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Bavarian Bliss

Break out the lederhosen, dust off your beer stein and get ready for a chicken dance as the extravaganza that is Oktoberfest offers more than a few ways to have a barrel of fun and yell “prost.”

Article
Gina Conroy
Photos
Courtesy
Posted
September 29, 2017

While most people come for the beer and bratwurst, it’s the Bavarian culture filled with lively music, dancing, and authentic dirndls and lederhosen that gives Oktoberfest its real flavor. First held in 1810 in Munich, Germany over a two-week period, Oktoberfest has outgrown its borders to become a worldwide phenomenon. In fact, Tulsa’s Oktoberfest, which takes place Oct. 19-22 at the River West Festival Park, has been named one of the top 10 largest festivals according to USA Today. Each year, the festival brings authentic German Bavarian culture to Tulsans while providing wholesome fun for the entire family.

Festival-goers have come to expect the traditional German delicacies like Bavarian cheesecake and craft beers, authentic music and dancing with performers from Germany, and traditional games like Dachshund Dash. And this year there will be 40,000 square feet filled with new tents and stages for more of what attendees have come to love and expect about Tulsa’s Oktoberfest.

“Before we include something in the event, we ask ourselves is this true to our mission of celebrating German Bavarian culture,” says Tonja Carrigg, the festival’s director.

‍Festival-goers have come to expect the traditional German delicacies like Bavarian cheesecake and craft beers, authentic music and dancing with performers from Germany, and traditional games like Dachshund Dash.
‍Festival-goers have come to expect the traditional German delicacies like Bavarian cheesecake and craft beers, authentic music and dancing with performers from Germany, and traditional games like Dachshund Dash.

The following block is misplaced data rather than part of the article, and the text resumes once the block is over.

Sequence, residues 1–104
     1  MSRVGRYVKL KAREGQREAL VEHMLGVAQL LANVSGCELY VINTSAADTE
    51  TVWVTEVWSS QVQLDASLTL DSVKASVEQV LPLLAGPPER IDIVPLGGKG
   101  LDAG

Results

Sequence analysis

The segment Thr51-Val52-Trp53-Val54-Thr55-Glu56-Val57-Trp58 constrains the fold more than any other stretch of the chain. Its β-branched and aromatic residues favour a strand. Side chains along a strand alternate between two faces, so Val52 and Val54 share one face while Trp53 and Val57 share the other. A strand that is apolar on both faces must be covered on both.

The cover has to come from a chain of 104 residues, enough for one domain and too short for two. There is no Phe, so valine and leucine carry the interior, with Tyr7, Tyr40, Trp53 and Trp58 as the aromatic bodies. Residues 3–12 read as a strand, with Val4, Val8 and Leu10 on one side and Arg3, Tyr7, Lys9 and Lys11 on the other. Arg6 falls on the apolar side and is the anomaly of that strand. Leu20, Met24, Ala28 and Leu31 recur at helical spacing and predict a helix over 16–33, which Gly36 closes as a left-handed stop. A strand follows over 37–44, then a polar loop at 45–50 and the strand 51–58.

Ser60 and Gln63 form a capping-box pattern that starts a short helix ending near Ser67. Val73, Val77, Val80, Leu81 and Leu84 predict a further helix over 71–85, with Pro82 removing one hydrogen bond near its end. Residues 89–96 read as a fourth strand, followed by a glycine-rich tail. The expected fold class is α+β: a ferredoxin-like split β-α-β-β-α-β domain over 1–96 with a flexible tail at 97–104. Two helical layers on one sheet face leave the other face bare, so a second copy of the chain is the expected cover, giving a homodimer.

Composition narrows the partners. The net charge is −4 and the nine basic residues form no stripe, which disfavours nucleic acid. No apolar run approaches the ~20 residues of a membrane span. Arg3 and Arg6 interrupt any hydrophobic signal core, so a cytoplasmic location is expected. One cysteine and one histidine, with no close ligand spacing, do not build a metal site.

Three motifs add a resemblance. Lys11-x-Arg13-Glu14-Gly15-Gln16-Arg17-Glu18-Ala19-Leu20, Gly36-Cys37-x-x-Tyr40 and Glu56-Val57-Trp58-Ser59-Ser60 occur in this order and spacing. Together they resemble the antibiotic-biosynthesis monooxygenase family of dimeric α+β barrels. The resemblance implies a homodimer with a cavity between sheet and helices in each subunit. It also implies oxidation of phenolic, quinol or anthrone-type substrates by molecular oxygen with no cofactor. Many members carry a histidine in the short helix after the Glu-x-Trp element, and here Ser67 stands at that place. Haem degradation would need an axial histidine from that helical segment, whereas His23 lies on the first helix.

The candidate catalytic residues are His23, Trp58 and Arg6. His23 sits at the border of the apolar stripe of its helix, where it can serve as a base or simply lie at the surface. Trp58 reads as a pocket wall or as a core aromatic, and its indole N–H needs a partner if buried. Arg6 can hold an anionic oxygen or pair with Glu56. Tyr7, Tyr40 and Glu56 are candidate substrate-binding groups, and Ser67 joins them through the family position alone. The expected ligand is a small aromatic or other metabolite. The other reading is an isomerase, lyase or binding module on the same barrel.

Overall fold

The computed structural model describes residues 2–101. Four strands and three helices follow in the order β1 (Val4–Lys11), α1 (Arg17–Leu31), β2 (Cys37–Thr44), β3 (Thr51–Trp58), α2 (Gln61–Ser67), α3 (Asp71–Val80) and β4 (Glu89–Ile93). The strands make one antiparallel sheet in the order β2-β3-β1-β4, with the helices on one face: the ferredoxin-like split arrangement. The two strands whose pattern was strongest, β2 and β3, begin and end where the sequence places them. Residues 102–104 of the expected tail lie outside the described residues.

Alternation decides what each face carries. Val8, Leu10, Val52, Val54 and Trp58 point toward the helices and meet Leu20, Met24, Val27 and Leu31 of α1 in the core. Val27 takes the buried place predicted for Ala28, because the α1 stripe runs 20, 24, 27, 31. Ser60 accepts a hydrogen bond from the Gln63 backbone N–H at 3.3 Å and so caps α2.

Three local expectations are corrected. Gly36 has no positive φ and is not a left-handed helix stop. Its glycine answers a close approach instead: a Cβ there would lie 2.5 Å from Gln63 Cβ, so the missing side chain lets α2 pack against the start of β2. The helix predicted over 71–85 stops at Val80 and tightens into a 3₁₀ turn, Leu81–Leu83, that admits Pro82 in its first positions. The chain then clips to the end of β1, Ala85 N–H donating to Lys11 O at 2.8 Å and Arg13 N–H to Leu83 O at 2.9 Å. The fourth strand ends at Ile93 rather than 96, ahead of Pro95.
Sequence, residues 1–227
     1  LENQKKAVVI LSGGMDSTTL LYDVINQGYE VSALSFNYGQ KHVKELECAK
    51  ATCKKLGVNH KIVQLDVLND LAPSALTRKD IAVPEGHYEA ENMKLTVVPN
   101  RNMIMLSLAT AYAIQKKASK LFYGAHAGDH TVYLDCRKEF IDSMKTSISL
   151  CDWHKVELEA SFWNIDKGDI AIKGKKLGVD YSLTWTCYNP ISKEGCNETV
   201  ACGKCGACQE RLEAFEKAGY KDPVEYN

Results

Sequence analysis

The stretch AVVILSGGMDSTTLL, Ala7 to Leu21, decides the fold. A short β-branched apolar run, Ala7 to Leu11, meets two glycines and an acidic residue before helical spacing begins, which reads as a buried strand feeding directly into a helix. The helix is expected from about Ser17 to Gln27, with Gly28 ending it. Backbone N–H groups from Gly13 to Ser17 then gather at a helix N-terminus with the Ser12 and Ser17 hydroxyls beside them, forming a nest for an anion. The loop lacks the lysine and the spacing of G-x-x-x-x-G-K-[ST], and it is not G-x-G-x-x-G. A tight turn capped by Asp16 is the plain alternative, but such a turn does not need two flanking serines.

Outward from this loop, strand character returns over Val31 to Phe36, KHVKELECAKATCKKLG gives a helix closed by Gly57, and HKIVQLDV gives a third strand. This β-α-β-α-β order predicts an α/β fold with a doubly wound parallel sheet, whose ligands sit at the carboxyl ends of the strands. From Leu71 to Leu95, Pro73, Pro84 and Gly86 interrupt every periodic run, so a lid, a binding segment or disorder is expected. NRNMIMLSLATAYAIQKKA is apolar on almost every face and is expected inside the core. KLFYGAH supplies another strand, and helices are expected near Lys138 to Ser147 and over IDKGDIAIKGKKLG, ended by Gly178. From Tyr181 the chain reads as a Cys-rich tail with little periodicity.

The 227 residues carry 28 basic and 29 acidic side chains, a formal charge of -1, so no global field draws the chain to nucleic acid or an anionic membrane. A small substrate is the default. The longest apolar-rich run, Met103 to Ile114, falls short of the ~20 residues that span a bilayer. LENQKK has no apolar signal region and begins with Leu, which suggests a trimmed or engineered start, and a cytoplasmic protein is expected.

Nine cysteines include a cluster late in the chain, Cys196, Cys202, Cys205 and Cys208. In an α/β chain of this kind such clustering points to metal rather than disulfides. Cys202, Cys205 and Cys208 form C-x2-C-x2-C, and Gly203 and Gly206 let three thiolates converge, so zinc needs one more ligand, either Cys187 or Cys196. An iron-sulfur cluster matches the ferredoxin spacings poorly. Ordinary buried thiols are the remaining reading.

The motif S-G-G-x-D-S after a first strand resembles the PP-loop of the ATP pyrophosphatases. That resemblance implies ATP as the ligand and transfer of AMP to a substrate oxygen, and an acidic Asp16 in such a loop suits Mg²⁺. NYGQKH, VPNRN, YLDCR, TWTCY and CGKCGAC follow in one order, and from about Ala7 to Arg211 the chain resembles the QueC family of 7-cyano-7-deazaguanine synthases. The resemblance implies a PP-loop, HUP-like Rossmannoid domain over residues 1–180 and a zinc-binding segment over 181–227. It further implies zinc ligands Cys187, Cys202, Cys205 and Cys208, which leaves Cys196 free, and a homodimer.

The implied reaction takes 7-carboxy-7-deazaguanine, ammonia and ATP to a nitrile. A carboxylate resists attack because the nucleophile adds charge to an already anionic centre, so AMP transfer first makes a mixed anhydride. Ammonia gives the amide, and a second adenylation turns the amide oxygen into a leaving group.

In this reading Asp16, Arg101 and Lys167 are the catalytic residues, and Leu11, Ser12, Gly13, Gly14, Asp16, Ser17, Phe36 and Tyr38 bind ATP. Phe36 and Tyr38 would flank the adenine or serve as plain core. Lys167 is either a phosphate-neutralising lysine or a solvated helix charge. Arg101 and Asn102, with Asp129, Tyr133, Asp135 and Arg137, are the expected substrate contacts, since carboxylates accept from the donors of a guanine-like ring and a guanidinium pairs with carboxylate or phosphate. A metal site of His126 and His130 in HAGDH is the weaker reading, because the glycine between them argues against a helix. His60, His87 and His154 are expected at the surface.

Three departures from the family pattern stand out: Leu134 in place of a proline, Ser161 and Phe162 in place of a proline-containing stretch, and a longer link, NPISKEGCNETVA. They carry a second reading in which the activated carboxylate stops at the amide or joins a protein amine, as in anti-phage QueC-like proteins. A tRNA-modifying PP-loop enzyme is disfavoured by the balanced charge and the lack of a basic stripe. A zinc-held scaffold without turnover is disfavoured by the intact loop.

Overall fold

The new Zelt crawl on Thursday will add a delightful twist to the traditional pub crawl. For $45, which includes admission to the festival, participants receive a 5-ounce MiniKrug with lanyard for unlimited tasting between 5-8:30 p.m.

“People will have the opportunity to sample a variety of beers from the 80 different brands and craft beers available,” says Carrigg.

Oktoberfest games, which are held throughout the weekend, are always a highlight with both participants and spectators. They are free and open to everyone. Just register online and pay admission to get into the festival to join in the festivities.

“Our pop-up games are really fun,” says Carrigg. This year’s games include the Strong Stein Hoist competition, where you hold a 34-ounce stein full of beer in front of you to see who can last the longest. There is the MassKrug Carry to see how many full steins you can carry from point A to B, the Bier Barrel Race, Mulleimer Werfen (trashcan toss) and the ever popular Siegi’s Bratwurst Eating Championship. The Dachshund Dash Race, one of the festival’s favorite activities, is back and bigger than ever.

“Last year we had 80 dogs in the race,” says Carrigg. This year on Sunday prior to the race, owners and their dogs will dress in costume and parade from the authentic May Pole at the entrance to the race arena.

Dressing in traditional German clothing is not limited to parade participants and festival workers. Carrigg encourages anyone who attends the festival to get into the spirit by wearing something Bavarian. Men can wear something as simple as suspenders and leather shorts while women can braid their hair, but if you want to immerse yourself in the culture, local costume shops carry traditional clothing. They even have authentic Bavarian clothing for purchase at the festival.

People who have never attended Oktoberfest may not realize that there are carnival rides for adults and children. This year, they’ve expanded to include an entire game arena in the children’s area. Instead of one tent, there will be two tents for family-friendly entertainment.

“Our Das JugendZelt children’s area will have arts and crafts, professional magic shows, circus acts and science entertainment,” says Carrigg. “Our dedicated volunteer group has spent all year planning activities for the families and kids.

“It’s hard to see and do everything in one visit. We encourage others to attend more than one day.”

General admission is $10 at the gate and $7 in advance. Children 12 and under are free. Friday admission is free until 4 p.m. Paid parking is available (limited capacity) near the festival grounds for $10-$20. A free shuttle service will run one hour before and after festival hours and service to various locations.

LOCATOR
Oktoberfest Tulsa
2100 S. Jackson Ave.
River West Festival Park | Tulsa
tulsaoktoberfest.org
Oct. 19: 5-11 p.m.
Oct. 20: 11 a.m.-1 a.m.
Oct. 21: 11 a.m.-1 a.m.
Oct. 22: Noon-6 p.m.